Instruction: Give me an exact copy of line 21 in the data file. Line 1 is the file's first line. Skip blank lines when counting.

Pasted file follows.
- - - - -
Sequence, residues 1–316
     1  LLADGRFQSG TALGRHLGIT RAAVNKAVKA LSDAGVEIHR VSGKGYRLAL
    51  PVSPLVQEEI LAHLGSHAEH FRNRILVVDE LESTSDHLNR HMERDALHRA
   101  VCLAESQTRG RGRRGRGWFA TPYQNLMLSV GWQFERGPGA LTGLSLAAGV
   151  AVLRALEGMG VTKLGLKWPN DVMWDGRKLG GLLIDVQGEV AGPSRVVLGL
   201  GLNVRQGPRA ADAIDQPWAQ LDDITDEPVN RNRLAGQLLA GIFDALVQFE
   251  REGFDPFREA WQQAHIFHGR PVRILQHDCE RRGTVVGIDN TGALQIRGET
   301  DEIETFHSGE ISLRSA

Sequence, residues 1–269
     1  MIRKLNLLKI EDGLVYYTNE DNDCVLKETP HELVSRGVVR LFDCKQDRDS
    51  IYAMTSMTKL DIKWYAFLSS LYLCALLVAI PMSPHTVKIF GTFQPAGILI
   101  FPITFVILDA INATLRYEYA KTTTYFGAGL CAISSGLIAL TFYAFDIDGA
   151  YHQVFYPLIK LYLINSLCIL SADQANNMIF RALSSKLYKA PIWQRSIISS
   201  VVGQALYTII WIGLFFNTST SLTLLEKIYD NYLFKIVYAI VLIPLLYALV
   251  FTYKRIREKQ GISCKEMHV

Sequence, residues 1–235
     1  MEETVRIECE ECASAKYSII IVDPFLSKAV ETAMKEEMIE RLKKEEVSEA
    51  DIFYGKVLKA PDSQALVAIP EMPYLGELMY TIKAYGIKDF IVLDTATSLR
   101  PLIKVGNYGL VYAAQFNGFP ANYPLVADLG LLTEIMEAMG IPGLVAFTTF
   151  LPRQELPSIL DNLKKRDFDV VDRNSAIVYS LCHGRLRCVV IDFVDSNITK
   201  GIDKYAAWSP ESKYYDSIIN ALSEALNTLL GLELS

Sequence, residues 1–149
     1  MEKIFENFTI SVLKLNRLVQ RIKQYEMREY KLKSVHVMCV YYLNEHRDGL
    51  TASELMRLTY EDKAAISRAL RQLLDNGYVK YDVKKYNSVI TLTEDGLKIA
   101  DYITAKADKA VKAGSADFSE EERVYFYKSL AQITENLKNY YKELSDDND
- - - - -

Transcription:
   201  GIDKYAAWSP ESKYYDSIIN ALSEALNTLL GLELS